Before the first foster child came into the picture, about 250 children revolved around the Ballard home for nearly two years. The children would come in on the weekends and over for dinner.

“It evolved from a need…It was a natural process….” Ballard explained. “But God knew the pattern, the course that He set.

“So that’s how we went from 1966 to 1978 doing foster care without an organization” or assistance from the government.

“…We found ways, and what we did was the work of the Neighborhood Christian Center, but we did it in our homes,” Ballard said. “It was the same principle.”

In time,  this principle converged with the efforts of Larry Lloyd and John Abercrombie, who had founded NCC just six month earlier. 

The match was perfect and so began the growing ministry of NCC, grounded in the support of Second Presbyterian Church of Memphis.

“So rather than making something, I’m following a vision,” Ballard said.

The vision
The ongoing vision of NCC is two-fold. Phase I evolved out of Ballard's foster care and the initial efforts of Lloyd and Abercrombie. It involved establishing a staff and a presence in the targeted communities through ministry.  

With a presence established, NCC is in the beginning stages of Phase II which is “a phase of educating and training a generation so that they’ll be prepared for adulthood and all that accompanies it,” Johnson said. 

“The goal of Phase II is to change a generation by 2030 so that the ministry continues through the indigenous leadership of our present participants and those in our target groups ages 0 to 5 and 6 to 21, thus changing the cyclical effect of poverty into a cyclical effect of ministry and personal growth,” she added.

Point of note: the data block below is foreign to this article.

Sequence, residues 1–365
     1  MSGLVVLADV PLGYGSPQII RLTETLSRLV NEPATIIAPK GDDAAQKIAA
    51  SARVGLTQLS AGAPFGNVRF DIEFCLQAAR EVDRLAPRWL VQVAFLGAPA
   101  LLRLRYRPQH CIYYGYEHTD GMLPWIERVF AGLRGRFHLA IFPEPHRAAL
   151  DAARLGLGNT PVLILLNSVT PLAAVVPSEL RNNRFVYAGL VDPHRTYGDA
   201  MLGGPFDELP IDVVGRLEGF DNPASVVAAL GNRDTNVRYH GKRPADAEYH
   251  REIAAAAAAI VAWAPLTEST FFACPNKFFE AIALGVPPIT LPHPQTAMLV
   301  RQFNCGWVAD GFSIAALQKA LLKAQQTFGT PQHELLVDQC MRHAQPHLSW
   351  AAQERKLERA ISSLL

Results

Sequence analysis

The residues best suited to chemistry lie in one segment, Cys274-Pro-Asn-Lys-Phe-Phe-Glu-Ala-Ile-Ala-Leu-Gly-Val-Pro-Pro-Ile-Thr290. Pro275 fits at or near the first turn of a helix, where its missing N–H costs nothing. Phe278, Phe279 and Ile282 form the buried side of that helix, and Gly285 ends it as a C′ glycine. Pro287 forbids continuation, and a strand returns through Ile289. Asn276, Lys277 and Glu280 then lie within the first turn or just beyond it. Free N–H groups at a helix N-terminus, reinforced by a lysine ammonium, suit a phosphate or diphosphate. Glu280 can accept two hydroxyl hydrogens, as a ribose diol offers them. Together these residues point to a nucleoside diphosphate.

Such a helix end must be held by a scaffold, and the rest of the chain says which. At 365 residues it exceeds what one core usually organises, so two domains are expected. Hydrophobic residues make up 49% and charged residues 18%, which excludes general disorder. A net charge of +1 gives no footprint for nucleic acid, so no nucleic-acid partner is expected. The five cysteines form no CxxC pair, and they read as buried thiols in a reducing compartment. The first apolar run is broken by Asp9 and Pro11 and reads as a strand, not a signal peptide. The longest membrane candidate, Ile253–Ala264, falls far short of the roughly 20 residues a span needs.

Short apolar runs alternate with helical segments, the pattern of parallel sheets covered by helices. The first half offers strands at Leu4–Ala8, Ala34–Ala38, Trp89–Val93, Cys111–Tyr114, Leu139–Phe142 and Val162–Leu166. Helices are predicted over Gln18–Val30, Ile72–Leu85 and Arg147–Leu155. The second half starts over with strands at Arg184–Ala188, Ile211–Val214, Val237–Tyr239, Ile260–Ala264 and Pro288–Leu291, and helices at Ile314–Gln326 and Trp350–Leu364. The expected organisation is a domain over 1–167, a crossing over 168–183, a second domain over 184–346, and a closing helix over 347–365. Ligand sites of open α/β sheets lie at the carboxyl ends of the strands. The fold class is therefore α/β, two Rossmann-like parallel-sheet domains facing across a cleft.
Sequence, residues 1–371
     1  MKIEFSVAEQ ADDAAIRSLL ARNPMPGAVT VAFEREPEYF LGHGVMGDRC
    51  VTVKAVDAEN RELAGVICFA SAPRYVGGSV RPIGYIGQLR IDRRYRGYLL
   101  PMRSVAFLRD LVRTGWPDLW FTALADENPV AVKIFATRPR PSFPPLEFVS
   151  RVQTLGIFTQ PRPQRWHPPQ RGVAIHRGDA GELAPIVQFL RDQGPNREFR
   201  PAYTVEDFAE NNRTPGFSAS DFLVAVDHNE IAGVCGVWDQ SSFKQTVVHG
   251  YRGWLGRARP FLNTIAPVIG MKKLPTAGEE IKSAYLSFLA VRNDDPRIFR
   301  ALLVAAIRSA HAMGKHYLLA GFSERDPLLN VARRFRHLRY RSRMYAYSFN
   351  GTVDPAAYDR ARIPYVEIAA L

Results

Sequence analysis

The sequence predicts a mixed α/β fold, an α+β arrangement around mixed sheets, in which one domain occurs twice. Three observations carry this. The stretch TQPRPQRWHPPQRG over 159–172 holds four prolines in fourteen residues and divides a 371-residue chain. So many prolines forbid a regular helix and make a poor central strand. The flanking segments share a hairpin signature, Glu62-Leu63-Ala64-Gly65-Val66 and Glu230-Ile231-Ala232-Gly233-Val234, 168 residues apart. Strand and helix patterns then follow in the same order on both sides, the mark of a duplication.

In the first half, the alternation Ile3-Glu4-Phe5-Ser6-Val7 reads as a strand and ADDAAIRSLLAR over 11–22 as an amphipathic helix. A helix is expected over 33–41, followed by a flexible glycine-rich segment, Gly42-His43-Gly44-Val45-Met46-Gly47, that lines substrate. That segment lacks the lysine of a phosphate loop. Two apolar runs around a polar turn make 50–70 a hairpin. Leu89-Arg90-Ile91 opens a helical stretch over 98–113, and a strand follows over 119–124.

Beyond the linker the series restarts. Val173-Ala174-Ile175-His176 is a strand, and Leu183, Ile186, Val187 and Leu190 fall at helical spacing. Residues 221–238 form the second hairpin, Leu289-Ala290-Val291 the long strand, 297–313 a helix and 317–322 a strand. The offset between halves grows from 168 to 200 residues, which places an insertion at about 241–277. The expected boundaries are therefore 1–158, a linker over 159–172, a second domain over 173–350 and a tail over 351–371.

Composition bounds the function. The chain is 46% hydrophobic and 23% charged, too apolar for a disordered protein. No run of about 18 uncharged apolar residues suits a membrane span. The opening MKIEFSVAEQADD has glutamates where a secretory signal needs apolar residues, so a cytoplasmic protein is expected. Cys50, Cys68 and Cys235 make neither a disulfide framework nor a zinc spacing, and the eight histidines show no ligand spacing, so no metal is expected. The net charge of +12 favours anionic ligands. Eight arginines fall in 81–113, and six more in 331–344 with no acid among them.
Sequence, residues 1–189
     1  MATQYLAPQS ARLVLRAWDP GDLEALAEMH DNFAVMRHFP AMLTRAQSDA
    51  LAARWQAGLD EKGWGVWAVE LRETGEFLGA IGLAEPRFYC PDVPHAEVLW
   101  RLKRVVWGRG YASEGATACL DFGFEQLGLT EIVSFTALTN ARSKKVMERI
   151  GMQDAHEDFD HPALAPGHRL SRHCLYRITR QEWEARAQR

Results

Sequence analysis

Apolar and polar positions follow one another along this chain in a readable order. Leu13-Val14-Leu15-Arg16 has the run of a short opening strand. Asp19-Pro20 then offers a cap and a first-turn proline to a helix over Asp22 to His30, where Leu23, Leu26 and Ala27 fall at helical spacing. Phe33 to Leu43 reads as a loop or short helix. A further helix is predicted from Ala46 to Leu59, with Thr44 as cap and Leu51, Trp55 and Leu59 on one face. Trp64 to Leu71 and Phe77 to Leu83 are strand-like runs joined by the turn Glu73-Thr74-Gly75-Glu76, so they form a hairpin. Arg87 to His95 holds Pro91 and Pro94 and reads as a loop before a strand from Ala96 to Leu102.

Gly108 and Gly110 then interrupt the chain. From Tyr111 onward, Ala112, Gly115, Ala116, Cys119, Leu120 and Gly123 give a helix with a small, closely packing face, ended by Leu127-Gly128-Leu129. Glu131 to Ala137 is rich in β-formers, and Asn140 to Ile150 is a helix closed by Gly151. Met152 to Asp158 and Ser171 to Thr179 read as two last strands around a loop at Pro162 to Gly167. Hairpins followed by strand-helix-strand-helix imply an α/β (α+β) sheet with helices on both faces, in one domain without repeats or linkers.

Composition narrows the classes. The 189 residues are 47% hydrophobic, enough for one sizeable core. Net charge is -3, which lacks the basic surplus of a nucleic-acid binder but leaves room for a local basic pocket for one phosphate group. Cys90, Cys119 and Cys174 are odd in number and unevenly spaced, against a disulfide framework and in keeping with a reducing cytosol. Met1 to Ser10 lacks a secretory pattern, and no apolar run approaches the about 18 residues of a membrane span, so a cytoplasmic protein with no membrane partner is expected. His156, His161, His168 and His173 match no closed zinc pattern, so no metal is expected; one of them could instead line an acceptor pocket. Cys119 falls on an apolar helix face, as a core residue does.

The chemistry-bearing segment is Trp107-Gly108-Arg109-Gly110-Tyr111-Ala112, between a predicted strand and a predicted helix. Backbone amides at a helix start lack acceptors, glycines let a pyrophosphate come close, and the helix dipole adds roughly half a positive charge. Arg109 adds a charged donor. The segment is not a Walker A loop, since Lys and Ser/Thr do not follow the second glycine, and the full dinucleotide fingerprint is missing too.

The future of NCC
As the cycle continues to change, NCC is expanding its horizons with a new 24,000 square-foot Gateway facility for youth. The new North Center will include a gymnasium, performing arts center, banquet facility, chapel, and classrooms.

NCC will use the new facility to continue a ministry that was catapulted by Ballard accepting Christ as her personal Savior.

“It’s that experience that’s been the driving force to make sure others know this Christ as I know Him,” she said. 

The driving force remains strong as Ballard eyes retirement and her daughter, Johnson, plans to follow in her footsteps. 

Ballard desires to spend the rest of her life researching and writing on the importance of community as unified through the love of Christ – a vision God planted in her heart decades ago.

“My parents have always reached out to others, as a result, many people have responded to them and the message they have demonstrated in love and deed,” Johnson commented. 

“Over the years, God provided the means to add room to our home and eventually a place for our family to minister to hundreds of people.

“Once again in great fashion, God is doing it again – providing more space for all who are in need to come.”  undefined

Contact information for volunteering and donations:
Neighborhood Christian Centers, Inc.
223 Scott Street
Memphis, TN 38112